The researcher shall ensure that research instruments are clear, use simple terms, and avoid generalization because the aim of the study is to achieve deep and specific information about research questions. Thus, content validity of the study shall assess the extent to which “the scale items are a representative sample of a clearly defined conceptual domain” (Steinberg et al., 2010).

The researcher shall also ensure concurrent validity during the study (Trochim, 2006). She will compare scores on behaviours and independent assessment of knowledge of gifted learners. The aim is to determine the relationship between the criteria and the scale theoretically. For instance, the research may measure speaking abilities and relate them to reading achievements of learners simultaneously because these two aspects relate to each other.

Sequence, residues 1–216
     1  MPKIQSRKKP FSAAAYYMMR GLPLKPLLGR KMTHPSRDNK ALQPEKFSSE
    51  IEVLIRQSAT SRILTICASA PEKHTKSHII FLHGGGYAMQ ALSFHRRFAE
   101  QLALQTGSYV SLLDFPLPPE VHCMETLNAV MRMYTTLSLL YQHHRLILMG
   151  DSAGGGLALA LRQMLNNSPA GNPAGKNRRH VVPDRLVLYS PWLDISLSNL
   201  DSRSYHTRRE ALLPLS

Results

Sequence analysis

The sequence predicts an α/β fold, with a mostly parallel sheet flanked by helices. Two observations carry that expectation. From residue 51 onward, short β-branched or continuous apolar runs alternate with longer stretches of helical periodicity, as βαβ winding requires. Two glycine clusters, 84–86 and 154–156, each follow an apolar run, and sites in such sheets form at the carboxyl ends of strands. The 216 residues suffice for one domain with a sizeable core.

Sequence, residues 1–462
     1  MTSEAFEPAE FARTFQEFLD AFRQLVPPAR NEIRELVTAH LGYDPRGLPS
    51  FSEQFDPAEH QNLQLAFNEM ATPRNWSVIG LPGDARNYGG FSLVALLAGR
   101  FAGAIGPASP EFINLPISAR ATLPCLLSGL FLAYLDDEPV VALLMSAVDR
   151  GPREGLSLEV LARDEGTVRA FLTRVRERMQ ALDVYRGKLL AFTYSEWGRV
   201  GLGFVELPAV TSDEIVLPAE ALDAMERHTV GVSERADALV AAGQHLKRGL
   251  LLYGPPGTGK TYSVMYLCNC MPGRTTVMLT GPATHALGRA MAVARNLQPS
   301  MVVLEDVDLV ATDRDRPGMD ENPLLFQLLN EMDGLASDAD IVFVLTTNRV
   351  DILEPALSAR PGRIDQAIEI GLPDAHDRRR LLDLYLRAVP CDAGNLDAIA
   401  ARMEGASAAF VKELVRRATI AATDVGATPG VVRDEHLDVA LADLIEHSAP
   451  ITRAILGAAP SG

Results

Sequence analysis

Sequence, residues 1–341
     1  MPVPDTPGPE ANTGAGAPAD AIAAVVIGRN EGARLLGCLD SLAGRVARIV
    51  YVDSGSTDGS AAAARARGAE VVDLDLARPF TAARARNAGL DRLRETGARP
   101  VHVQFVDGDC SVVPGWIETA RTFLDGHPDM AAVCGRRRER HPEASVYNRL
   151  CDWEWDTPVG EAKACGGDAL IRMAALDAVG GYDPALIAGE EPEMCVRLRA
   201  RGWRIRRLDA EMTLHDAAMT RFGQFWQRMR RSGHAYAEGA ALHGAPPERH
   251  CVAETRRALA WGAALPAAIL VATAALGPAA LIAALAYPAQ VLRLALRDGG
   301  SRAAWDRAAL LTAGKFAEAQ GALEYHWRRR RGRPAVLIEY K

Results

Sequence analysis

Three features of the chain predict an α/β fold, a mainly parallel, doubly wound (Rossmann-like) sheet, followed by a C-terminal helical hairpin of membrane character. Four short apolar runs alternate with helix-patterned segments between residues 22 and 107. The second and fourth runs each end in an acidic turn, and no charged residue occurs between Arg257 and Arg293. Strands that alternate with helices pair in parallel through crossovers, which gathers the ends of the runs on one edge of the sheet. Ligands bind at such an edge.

The researcher will systematically select research participants from teachers and gifted learners in order to avoid bias that may occur due to bias in sampling. For instance, previous studies show that teachers who were not trained in kindergarten often exaggerated abilities of their gifted students. This is an obvious threat to the research conclusion. Therefore, the researcher shall only use teachers who have received professional training and qualifications in pre-school management and teaching and gifted education training. Therefore, the researcher shall guard against such social desirability bias from teachers.

The repetitive and emergent qualities of “qualitative research may make it difficult to differentiate between data collection and analysis” (Steinberg et al., 2010). Patton notes that during fieldwork, ideas emerge, patterns assume their directions, and possible themes become evident (Patton, 2002). The researcher may use subsequent steps to confirm the earlier established patterns.